passions, while natural affections and harmless interests resumed their ordinary sway, there would begin a period of unmitigated agony. No innocent pursuit could be followed, no pure affection cherished, no kindly action performed, for the man would know that he would be an object of loathing and horror to the nearest and dearest did they understand his real condition, and that none would take a gift from his hand. Every allusion made by those around him to religion, the memory of his own innocent childhood, the spectacle of death and interment, would each be like a fresh lash of despair. By degrees, I believe, even a very bad and irreligious man, finding thus every avenue to good closed to him, would begin to envy every beggar by the wayside, every dying sufferer in the hospital, nay, every criminal going to the gallows, who was not like himself utterly and eternally shut out from God and goodness. Of course the belief in the futility and hopelessness of any repent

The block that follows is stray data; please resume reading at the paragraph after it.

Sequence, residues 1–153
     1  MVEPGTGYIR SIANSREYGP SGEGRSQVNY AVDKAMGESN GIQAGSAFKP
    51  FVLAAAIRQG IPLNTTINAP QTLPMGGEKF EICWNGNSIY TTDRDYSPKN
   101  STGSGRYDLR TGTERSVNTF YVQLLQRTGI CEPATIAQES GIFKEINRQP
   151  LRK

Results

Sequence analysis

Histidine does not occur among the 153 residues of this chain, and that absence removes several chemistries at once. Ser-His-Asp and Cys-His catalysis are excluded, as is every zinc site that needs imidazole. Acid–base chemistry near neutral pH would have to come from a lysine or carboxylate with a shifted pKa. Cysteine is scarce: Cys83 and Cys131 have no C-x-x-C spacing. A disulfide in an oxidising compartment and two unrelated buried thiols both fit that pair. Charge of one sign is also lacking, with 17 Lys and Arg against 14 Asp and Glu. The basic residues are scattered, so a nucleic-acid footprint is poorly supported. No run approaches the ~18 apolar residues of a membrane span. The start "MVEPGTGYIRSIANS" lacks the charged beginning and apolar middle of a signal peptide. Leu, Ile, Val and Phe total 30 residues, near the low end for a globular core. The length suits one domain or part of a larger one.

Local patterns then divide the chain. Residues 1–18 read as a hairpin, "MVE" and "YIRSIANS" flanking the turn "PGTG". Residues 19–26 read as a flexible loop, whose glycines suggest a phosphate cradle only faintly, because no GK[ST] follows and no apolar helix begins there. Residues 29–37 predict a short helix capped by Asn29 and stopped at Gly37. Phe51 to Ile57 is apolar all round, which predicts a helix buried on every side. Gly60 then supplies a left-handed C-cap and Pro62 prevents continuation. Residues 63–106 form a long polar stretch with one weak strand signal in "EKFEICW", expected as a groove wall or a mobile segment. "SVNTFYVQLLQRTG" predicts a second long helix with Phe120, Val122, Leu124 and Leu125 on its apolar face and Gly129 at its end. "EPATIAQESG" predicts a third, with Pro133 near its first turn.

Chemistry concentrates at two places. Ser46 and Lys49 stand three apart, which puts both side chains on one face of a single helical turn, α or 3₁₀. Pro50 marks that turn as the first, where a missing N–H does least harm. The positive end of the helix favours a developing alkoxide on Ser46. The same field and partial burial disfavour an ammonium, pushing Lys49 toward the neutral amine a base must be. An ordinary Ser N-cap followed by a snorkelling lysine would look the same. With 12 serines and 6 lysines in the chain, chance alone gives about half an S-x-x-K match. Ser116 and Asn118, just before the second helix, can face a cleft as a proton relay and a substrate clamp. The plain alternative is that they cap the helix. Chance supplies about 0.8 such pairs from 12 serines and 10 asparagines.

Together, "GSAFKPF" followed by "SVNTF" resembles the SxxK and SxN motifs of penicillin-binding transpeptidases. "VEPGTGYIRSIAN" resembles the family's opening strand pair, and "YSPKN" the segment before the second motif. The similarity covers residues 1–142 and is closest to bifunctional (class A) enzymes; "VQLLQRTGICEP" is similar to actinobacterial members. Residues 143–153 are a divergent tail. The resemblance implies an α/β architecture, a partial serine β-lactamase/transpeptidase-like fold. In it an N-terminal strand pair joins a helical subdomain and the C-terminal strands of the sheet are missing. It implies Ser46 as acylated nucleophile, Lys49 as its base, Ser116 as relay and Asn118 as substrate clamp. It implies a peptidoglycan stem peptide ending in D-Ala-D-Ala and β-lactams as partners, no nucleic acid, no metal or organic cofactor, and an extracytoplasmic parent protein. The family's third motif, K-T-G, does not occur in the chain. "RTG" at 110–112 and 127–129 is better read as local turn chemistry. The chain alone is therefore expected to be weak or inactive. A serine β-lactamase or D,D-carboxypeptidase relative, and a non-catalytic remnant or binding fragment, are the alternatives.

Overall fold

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ance on his part, the idea that the Fiend would laugh were he to attempt to pray, would finally drive him into absolute recklessness and hardness of heart. He would say, “Evil, be thou my good,” and give himself up to such gross pleasures, such malignity, cruelty, perfidy and blasphemy, as his miserable heart might choose in its despair. Looking back after the lapse of ages to the historical proofs that our fellow-men have actually gone through this hideous torture, we feel now as if the nightmare must have been more than the brain of man could bear, and that the having caused such direful woe must be added to the long list of terrors, persecutions and asceticisms, which go farther, perhaps, than Christians commonly imagine, to counterbalance the benefits which humanity has received from their creed. If the faith which had its origin in the pure spirit of Christ, but which so soon became corrupted, has indeed bound up many a broken heart, it has also assuredly broken many; in monasteries and nunneries, in the dungeons of the Inquisition—aye, and in Protestant homes, whence guiltless and believing souls have been driven into madhouses under the terrors of the Unpardonable Sin.